Warburton, Eliot
Travels in Egypt and the Holy Land, or, The crescent and the cross: comprising the romance and realities of eastern travel — Philadelphia, 1859

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APPENDIX.

gies and resources were dissipated in selfish schemes of policy, and building
fantastic palaces. His family, all of whom were Druses, became extinct about
one hundred and fifty years ago.

On the death of the last of his line, the aristocracy of the mountain elected
an Emir of Hasbeia as chief governor, and this dignity, under the title of " Ha-
keem el Djebal," has since lineally descended in the Shehab family from father
to son. This illustrious family came originally from Shabha, in the Haouran ;
and are lineally descended from the Standard-bearer of the Prophet Mahomet.
I could not learn from any of the Emirs the date of their arrival in Syrva ; they
spoke of it vaguely as " several hundred years ago." It would seem that they
came as conquerors, since they obtained large possessions with feudal privileges
in the country about Mount Hermon, and the sources of the Jordan. Their
castles and the villages dependent on them are named Hasbeya and Rascheia,
both of which I have described in a former chapter.

The Emir Beschir is now the first man among the tribes, nominally, though
a prisoner : to him belong the beautiful palace of Beteddeen, and the sovereignty
of the Lebanon. He was able, it is said, to summon 15,000 armed men to his
standard at three hours' notice.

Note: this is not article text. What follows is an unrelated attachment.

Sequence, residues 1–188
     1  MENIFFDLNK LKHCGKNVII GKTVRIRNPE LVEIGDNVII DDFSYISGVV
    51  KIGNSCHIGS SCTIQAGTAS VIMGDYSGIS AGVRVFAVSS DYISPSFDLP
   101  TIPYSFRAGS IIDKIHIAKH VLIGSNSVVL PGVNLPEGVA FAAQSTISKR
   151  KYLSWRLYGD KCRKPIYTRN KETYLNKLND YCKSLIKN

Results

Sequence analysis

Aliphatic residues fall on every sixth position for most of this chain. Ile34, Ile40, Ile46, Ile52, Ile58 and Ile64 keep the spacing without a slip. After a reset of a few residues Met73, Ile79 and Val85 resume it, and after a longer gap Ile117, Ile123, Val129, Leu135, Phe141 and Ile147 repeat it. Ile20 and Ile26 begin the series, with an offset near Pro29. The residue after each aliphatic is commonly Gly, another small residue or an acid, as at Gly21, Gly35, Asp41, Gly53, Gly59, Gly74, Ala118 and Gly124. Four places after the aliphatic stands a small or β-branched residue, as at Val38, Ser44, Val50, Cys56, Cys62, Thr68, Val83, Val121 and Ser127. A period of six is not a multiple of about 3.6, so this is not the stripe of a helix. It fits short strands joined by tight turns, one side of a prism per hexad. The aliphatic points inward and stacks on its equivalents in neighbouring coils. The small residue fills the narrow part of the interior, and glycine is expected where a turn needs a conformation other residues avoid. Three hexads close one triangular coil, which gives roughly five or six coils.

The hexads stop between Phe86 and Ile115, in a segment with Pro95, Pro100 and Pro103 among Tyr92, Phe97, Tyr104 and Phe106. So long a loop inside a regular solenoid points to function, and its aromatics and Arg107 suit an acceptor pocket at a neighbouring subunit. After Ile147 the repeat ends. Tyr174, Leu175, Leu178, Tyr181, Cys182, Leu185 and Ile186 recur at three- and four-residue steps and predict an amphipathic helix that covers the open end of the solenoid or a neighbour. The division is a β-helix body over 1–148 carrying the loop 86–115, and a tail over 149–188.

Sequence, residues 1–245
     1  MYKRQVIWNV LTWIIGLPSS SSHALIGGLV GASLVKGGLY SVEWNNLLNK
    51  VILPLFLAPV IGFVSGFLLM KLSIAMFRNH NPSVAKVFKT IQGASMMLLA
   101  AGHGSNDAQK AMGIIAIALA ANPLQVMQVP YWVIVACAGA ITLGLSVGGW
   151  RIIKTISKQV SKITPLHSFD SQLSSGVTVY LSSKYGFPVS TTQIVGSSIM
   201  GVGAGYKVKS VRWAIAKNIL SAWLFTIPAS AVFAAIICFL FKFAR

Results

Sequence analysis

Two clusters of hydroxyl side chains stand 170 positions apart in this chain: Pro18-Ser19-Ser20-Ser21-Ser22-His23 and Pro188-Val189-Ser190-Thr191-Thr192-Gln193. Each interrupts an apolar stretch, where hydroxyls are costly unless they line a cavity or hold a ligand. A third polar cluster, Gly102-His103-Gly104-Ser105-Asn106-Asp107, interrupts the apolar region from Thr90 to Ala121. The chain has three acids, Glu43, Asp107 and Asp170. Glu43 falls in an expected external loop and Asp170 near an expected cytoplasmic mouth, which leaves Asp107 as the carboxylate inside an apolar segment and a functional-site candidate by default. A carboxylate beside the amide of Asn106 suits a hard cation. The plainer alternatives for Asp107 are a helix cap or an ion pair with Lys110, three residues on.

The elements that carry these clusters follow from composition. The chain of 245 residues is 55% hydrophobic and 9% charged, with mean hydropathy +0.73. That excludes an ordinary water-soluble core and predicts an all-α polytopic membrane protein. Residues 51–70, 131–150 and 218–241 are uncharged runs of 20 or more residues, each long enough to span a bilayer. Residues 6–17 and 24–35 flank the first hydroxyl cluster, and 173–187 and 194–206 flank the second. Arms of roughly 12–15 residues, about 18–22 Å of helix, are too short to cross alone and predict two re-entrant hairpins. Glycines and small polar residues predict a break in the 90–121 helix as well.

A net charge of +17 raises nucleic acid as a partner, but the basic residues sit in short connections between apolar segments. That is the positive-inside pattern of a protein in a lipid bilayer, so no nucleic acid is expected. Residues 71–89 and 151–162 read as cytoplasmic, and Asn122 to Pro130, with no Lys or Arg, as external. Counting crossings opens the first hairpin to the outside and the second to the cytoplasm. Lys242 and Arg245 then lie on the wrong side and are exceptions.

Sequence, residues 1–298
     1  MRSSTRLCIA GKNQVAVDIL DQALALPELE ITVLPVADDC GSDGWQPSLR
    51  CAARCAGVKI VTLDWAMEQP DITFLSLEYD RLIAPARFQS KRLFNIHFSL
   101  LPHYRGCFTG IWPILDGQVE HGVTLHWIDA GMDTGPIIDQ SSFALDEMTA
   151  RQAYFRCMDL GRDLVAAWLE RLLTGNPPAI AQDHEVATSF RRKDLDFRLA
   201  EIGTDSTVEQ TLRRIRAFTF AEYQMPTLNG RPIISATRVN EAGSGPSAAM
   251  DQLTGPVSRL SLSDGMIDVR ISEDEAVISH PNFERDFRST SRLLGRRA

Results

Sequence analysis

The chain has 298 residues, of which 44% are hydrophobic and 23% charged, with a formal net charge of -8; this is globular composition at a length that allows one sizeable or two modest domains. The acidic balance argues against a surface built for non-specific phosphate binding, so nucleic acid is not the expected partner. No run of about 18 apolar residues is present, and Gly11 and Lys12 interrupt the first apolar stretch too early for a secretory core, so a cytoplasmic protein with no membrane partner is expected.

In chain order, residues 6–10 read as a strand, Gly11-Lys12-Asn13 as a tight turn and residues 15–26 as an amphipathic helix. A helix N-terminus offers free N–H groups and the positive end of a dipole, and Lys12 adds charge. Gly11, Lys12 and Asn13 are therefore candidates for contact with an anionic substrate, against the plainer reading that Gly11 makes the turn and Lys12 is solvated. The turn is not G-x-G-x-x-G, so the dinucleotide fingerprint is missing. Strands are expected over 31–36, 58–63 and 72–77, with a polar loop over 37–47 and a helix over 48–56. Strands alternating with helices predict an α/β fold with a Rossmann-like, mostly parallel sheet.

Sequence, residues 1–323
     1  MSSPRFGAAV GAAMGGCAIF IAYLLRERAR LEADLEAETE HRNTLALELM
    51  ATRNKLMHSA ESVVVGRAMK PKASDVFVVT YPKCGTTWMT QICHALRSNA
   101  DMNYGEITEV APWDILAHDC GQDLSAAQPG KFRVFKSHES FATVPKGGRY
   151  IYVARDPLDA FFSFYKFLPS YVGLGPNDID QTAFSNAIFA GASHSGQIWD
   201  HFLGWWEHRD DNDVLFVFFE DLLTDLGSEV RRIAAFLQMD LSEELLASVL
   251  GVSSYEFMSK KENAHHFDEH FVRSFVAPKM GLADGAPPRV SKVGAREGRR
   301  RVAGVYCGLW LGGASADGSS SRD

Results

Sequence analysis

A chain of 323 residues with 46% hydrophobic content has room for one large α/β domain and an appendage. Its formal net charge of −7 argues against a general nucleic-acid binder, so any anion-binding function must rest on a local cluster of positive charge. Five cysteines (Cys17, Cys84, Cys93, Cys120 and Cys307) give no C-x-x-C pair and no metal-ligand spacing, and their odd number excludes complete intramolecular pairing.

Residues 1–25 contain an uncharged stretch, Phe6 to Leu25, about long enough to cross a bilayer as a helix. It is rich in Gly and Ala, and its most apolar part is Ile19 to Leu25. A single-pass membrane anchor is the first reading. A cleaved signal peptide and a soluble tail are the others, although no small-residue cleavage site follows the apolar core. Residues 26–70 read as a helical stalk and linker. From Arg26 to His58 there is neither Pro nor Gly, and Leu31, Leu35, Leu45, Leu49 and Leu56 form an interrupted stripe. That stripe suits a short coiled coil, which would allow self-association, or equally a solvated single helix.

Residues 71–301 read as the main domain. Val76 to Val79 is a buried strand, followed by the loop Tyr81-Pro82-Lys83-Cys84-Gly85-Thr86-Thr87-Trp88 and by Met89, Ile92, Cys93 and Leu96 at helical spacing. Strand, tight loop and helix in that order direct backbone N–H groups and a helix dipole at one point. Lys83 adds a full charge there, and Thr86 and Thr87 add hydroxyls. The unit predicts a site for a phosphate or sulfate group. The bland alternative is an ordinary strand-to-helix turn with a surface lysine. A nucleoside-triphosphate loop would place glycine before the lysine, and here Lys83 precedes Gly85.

When the Egyptian forces invaded Syria in the late war between Mehemet
Ali and the Porte, the Emir remained neutral for some time, neglecting the
orders of the Sultan to attack Ishmael Pasha, and at the same time abstaining
from any communication with the latter until he had possessed himself of Acre,
and his cause appeared to be triumphant. Then, in an evil hour, he invited him
to his palace, and professed himself his faithful ally.

Ishmael accepted the invitation, and so arranged his plans that on the even-
ing of his arrival at Beteddeen, 15,000 Egyptian troops encamped on the hills
around. The Pasha then explained to the Emir that he wished the mount-
aineers to give up their arms, and the poor Chieftains were obliged to comply.
The Egyptian had already obtained by spies and bribery a return of all the
arms on the Lebanon, and his troops, surrounding each village, now required
the complement assigned, whether truly or otherwise. The Maronite priests,
I know not why, exhorted their people to comply: the Druses resisted. This
has already changed the character of these sects: the disarmed Maronites
have become tunid and unwarlike, the Druses proportionately bolder, and mora
free.

The Egyptians remained long enough in Syria to make a most favourable
reform, and from this fact may be estimated the state to which the Turks had
reduced it. The name of Mehemet Ali became a terror to the Bedouin in his
desert, and to the Druse upon his mountain. Commerce returned to the seaports,
security was bestowed on the public ways, mines were worked, crushing im-
posts abated. I am no panegyrist of Mehemet All's, but I think it only just to
his character to mention these circumstances, which are universally admitted
in the East.

It was only this forced disarmament of the mountain tribes, and the dreaded
Conscription, that turned Syria against his cause, and enabled the languid and
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